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Published: August 29, 2007

 
 

The Thought Leader Interview: Anne-Marie Slaughter

S+B: So, for instance, the wording of the Kyoto Protocol or Doha agreement turns out to be less important than getting the right people in the room and talking about the issues.
SLAUGHTER:
I think so. Already, while the world is still dithering over Kyoto, the governors of dif­ferent states in the U.S., led by [California] Governor Arnold Schwarzenegger, are reaching out to one another and forming trading blocs. They can then also reach out to provinces in Canada and even to cities and provinces in the E.U. and China.

That’s a networked solution that works below the radar of formal international diplomacy. We could take it further by creating a global environmental network, with a few countries deeply involved, and start thinking about solutions. Maybe out of this network a treaty will eventually grow. But it’s better to start by implementing solutions and then let the policy emerge.

S+B: You have a new book this year on America’s place in history. The Princeton Project report was just released. And the importance of government networks is steadily more evident. Where do you think we are at this moment in history?
SLAUGHTER:
I think we’re pretty much at a watershed. The world is changing fundamentally on so many different axes at once. Geo­politically, there’s a classic shift of the balance of power from Europe and perhaps the U.S. to China, India, and other emerging nations. Traditionally, the world has rarely accommodated rising powers of that size without major conflict — and we can’t afford that right now.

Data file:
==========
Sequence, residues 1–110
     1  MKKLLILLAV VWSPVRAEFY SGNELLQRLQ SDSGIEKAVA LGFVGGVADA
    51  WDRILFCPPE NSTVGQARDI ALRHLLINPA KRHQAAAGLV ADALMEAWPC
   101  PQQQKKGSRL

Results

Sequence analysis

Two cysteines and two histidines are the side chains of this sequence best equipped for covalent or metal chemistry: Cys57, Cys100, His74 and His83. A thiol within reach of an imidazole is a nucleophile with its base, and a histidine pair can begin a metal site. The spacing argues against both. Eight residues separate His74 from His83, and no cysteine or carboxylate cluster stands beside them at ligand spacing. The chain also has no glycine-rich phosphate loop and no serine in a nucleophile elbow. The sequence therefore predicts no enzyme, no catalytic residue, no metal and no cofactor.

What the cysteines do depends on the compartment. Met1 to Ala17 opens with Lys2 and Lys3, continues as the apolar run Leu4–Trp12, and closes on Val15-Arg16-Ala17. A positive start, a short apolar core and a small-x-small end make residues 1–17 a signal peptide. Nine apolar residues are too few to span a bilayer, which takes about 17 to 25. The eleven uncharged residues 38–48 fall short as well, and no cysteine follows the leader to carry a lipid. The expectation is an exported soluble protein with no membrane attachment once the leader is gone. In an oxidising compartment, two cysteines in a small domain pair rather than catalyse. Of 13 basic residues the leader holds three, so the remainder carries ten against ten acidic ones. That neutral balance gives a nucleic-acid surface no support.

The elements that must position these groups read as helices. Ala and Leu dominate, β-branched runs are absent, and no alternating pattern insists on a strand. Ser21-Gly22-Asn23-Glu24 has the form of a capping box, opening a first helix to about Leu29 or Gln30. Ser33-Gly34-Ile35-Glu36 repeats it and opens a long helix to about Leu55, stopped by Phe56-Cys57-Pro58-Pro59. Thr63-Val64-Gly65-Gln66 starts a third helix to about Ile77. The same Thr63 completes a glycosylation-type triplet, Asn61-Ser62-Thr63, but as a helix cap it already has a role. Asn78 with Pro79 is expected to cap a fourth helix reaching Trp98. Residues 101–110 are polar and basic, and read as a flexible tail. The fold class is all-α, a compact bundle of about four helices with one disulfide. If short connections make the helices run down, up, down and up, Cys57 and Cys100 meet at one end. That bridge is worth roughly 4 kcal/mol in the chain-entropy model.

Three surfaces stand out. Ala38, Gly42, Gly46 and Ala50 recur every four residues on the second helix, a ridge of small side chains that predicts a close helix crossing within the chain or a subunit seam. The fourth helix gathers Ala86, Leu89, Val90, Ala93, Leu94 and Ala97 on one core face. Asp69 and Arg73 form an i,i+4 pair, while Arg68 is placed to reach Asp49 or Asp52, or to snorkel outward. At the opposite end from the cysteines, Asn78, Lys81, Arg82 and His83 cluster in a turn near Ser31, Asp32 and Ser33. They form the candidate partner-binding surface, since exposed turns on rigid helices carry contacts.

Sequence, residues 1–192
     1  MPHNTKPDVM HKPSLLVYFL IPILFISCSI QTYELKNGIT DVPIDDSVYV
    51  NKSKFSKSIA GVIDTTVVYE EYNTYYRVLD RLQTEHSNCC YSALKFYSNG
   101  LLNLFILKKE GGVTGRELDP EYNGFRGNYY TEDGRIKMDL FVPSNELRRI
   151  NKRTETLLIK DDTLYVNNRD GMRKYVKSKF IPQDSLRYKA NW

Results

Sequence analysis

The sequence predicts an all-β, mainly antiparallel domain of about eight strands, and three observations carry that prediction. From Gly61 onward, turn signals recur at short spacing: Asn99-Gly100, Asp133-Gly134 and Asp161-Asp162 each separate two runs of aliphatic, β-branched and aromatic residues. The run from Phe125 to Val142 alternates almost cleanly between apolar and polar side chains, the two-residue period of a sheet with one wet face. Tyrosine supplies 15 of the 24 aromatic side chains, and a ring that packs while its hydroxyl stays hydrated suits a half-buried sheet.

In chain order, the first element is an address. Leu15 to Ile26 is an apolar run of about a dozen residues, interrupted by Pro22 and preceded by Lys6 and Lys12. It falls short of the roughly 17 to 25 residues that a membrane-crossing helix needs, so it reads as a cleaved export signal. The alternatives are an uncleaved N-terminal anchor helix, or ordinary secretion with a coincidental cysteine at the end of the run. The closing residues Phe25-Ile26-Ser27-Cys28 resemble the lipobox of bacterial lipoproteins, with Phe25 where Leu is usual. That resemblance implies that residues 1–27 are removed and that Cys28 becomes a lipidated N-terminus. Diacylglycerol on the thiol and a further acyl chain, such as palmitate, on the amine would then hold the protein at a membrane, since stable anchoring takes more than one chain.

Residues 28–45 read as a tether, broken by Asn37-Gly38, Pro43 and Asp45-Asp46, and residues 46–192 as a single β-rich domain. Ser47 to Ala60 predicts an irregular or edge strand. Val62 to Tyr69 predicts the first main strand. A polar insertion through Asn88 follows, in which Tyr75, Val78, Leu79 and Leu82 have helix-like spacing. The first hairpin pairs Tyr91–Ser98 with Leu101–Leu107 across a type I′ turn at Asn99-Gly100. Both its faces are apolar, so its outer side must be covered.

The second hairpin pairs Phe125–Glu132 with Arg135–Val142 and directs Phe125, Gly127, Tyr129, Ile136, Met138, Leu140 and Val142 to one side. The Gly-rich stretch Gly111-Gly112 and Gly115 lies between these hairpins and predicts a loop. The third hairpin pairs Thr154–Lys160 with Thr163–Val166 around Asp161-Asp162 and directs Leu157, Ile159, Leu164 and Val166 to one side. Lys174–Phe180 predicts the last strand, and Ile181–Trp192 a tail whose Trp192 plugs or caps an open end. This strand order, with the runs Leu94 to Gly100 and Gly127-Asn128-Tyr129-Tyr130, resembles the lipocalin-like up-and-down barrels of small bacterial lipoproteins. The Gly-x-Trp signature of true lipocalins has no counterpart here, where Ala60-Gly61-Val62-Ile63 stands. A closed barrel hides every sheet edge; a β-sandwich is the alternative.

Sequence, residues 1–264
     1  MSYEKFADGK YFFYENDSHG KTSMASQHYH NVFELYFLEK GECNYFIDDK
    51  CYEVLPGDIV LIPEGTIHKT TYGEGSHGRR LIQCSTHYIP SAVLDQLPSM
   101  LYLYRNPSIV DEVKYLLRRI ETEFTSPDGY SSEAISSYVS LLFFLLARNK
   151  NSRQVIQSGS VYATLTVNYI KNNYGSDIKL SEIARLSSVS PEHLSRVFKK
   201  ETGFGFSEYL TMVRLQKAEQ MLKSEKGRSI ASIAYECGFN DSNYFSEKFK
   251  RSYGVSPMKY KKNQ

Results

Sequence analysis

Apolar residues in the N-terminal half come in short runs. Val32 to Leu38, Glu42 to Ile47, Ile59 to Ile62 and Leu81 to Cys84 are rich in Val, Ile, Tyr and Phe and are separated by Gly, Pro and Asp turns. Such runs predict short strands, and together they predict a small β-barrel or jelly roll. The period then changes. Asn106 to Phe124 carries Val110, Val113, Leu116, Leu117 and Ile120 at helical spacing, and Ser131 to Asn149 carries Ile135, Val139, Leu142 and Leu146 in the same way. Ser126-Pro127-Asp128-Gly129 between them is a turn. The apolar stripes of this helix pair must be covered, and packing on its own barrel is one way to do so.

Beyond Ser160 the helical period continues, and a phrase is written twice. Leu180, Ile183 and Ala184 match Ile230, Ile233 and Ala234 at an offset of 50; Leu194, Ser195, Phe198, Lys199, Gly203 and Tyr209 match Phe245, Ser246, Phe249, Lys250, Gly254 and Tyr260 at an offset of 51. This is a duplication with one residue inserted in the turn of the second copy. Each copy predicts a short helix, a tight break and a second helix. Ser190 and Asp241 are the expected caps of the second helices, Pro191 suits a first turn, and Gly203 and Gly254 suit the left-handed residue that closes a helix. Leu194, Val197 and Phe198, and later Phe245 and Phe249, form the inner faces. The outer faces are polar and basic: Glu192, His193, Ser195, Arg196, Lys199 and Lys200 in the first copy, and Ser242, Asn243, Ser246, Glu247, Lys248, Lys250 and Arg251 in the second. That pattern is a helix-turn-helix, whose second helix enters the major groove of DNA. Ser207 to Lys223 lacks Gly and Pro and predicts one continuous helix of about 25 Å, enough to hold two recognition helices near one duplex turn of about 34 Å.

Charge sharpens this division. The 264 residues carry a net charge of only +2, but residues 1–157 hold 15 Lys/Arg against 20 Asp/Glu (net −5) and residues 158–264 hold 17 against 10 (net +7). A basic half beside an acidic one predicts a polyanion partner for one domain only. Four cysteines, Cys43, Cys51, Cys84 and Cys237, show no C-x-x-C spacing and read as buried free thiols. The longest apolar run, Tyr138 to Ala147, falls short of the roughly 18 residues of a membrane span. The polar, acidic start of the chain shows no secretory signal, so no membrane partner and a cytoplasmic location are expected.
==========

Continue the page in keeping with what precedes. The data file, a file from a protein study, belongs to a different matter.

Meanwhile, non-state actors are more capable. A small group of terrorists can take out a city; we’ve never seen anything like that before. And the final change is the growing frequency of natural catastrophes and the threat of bacterial resistance.

It’s like moving from traditional chess to a three-level chessboard. What the U.S. does in the next 10 years is absolutely critical, because by 2020 we’re not going to have the options we have now.

I can imagine a world in which the United States leads in a way that restores its legitimacy. We have the ability to bring other nations together very differently from the ways other great powers have done it. I can see us marshaling our technology to create new drugs and cure disease, and to forestall the worst effects of climate change and make a more beautiful world.

S+B: Why is the U.S. so important?
SLAUGHTER:
Because, although we’re not as indispensable as we like to think we are, no major geopolitical problem can be solved without strong U.S. leadership. That means both the government and the American people, but it doesn’t mean the U.S. acting unilaterally. I don’t think the U.S. should lead coalitions. It should lead from behind for a while. But there’s no solution without the U.S. — not in climate change, where we’re the biggest greenhouse gas emitter, in terrorism, or in any other major problem.

And the United States still has the potential to set a unique example of aspiration. When we were riding high in 1961, John F. Kennedy famously said, “Ask not what your country can do for you, but what you can do for your country.” That sentiment brought a group of very talented people into government. But now, we need the same kind of sentiment more broadly — in corporations, in the nonprofit sector, and in governments around the world. The best leaders in all sectors will follow the model of a statesman, because they can't meet their goals otherwise. That’s how leadership changes in a highly networked world.

Reprint No. 07310

 
 
 
 
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